Many entrepreneurs start a business based on a particular technical skill. They have been in an industry for many years and have decided to ‘go it alone’. While understanding your industry, market and customer base is incredibly important, business acumen and technical skill are two very different things.
“An entrepreneur who cannot recognise where their skills gaps are cannot fill those gaps, and ultimately the business will suffer because of it,” says Shawn Theunissen. This can be done in one of two ways. Savvy entrepreneurs can hire people whose skills lie in areas they lack, or they can upskill themselves and seek coaching and mentorship. “This is easier said than done,” admits Theunissen. “It’s difficult to evaluate yourself. We’ve worked with entrepreneurs who are open and willing to learn, and others who refused to believe they didn’t already know it all. What we have experienced though is that it’s the teachable entrepreneurs who are willing to learn and ask for help whose businesses are really experiencing growth.”
5. Flexibility and adaptability are key
Without the ability to adapt and be flexible to what the market wants and needs, a competitor could literally sweep you off your feet. “Understand how the business landscape looks around you,” says Du Plessis. “If you can’t adapt, you’re stagnant, and that will eventually lead to a slow death.
Customers expect you to offer them value, and that requires giving them what they need, not only what you currently have to offer.” Adaptability is first and foremost a mindset. You must be willing to be flexible in your offering.
6. Avoid ego-based decisions
“This is not the time to spend on things that make you feel good about yourself,” says Allon Raiz. “Yes, luxuries do make us feel better when times are tough, but spending on frills is never a sound business decision. If it’s not going to boost sales, don’t spend the money.
That goes for everything from signage or the gloss on your business cards to the car you drive and the entertainment of clients.” Raiz is a firm believer that clients don’t expect to be wined and dined — they just want you to do the job well and give them value for their money.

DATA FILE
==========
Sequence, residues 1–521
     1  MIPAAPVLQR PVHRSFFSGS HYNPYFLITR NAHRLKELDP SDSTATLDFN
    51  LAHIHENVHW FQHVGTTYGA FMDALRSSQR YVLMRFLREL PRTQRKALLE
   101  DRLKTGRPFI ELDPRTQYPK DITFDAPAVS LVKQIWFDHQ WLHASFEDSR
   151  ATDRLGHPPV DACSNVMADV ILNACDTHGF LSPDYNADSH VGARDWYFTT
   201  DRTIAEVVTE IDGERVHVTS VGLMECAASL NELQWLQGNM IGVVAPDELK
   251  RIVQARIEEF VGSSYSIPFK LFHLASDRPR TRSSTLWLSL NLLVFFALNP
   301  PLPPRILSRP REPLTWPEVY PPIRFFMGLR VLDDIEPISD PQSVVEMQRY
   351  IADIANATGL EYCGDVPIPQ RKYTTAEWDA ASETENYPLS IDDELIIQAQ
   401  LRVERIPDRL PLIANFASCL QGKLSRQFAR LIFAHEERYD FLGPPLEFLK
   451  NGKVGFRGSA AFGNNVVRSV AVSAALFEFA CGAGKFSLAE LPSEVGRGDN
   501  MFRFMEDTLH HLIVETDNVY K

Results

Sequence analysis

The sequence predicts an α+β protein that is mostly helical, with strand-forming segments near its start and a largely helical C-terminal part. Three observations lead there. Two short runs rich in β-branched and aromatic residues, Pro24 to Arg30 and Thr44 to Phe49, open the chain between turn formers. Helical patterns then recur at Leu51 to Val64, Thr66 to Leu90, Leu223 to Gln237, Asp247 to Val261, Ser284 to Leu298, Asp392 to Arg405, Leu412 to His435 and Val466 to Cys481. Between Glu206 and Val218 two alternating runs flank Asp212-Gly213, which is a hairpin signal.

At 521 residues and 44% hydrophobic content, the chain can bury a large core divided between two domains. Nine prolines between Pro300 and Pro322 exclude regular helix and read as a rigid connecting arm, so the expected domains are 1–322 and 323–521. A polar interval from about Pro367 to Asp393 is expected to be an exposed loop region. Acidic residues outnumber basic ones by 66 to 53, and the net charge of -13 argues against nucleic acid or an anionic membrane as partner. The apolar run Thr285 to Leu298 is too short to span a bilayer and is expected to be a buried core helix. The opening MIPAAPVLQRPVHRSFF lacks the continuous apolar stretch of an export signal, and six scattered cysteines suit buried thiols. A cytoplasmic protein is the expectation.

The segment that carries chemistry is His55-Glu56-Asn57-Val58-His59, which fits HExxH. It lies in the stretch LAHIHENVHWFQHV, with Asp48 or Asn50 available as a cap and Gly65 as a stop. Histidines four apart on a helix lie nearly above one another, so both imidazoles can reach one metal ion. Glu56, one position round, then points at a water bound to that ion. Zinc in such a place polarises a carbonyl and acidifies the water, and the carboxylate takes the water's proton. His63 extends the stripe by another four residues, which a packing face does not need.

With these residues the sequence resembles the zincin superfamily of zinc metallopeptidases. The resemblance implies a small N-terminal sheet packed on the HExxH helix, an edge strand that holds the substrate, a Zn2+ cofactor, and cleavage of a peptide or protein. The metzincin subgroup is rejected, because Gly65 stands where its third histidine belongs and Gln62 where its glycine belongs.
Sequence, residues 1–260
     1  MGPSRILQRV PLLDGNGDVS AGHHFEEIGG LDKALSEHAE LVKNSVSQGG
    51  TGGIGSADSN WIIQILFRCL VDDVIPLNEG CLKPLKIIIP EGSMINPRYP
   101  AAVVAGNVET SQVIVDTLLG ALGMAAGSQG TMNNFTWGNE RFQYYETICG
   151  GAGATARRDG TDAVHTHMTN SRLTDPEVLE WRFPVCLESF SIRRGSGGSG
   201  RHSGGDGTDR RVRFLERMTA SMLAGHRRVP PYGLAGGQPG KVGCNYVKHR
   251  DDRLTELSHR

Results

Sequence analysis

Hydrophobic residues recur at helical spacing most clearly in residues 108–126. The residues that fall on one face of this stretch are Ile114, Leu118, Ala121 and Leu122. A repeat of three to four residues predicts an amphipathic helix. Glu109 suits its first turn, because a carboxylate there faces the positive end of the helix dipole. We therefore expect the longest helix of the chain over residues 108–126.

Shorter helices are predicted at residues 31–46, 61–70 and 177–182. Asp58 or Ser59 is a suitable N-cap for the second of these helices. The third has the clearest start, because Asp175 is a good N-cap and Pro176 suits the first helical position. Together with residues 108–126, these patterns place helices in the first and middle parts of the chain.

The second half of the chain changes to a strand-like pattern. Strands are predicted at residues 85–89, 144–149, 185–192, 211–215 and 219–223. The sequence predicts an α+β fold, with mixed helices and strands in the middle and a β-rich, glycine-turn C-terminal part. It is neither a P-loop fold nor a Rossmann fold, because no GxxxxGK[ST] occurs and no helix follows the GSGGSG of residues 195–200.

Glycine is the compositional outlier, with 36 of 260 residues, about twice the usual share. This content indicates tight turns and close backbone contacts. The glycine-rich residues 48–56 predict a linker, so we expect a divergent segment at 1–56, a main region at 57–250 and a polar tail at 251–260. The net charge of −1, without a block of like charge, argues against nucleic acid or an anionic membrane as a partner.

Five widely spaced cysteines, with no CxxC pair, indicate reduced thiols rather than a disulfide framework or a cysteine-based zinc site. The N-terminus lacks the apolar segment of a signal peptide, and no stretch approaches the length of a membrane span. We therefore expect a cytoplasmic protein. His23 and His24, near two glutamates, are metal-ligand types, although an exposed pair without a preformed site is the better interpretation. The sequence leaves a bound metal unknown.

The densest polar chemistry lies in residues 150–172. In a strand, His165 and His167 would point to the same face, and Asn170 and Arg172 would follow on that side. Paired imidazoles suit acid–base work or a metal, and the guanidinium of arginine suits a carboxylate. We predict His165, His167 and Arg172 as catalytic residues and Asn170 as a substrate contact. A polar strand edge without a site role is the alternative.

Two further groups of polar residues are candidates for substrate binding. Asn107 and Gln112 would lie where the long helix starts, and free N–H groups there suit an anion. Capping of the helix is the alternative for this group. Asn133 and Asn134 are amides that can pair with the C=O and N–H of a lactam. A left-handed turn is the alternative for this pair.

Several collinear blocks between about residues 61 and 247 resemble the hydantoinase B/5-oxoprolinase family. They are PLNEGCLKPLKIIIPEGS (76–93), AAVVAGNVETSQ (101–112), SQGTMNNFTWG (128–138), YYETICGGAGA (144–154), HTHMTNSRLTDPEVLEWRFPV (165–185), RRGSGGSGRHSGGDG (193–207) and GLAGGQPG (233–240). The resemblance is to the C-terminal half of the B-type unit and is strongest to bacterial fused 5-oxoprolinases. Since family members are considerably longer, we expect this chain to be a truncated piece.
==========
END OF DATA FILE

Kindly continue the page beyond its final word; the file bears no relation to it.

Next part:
Take your strategy workshops to the next level. Here’s what you need to know.
Employees: Staffing solutions
You cannot run a successful and growing business by yourself. Period. “An entrepreneur’s partner and the first two or three members of the company will ultimately determine that business’s success,” says Justin Spratt. “On the whole, entrepreneurs have an over-inflated sense of self.
That’s okay — it’s what makes them entrepreneurs, and it’s a character trait they need when battling against the odds to get their companies off the ground amidst all the challenges that start-ups face. But it’s the most self-aware entrepreneurs who are able to recognise their gaps and hire great employees to help them that are truly successful.”
7. Hire for the right stage
Evaluate what stage your business is in and who you need to take it forward. “The stage of your business determines the skills it needs,” says Spratt. “Look carefully at what you are missing and then start sourcing the right person to fill that role.”
8. Engage with your staff
Even when times are good, it’s valuable to motivate your employees and build a loyal staff complement. It might sound clichéd to say that your staff is your greatest asset, but the cliché exists for a reason. Good employees can make a valuable impact on the success of your business.
“Whether times are tough or going really well, as a leader you need to support your staff,” says Shawn Theunissen. “In good times this means engendering loyalty so that your best employees aren’t lured away by better packages. In tough times you want your employees to stick it out with you, and that takes loyalty as well. You might need to even cut hours or salaries. If you are open and honest with your employees, and they feel you truly have their best interests at heart, they will not only accept these measures, they will support you. They will understand that when the situation gets better they will be rewarded for their loyalty. Great teams can achieve great things, but it’s important that your employees feel like they are part of a team, and that has to come from you.”
9. Inspire your troops
“You need to inspire your troops to fight for you,” says Pavlo Phitidis. “Create an environment that allows (and rewards) people for putting in extra effort. They must get meaning out of their work, and that starts with you. It’s important to keep your employees abreast of everything that’s happening — in the business, the economy and even globally. Don’t let nasty shocks creep in, rather be open and transparent. You’ll be surprised at how much people can handle when they are entrusted with the truth.”
The Business: Your asset of value
Earlier we discussed the fact that entrepreneurs need to be leaders, and leaders should spend 50% of their time on strategy. While this is true — and vital to the growth of an organisation — it should not detract from the importance of operational issues. If a business isn’t operationally efficient, it cannot be an asset of value, and according to Pavlo Phitidis the purpose of an entrepreneur is to build an asset of value. This requires strategic planning as well as strong operational systems.
10. Be organised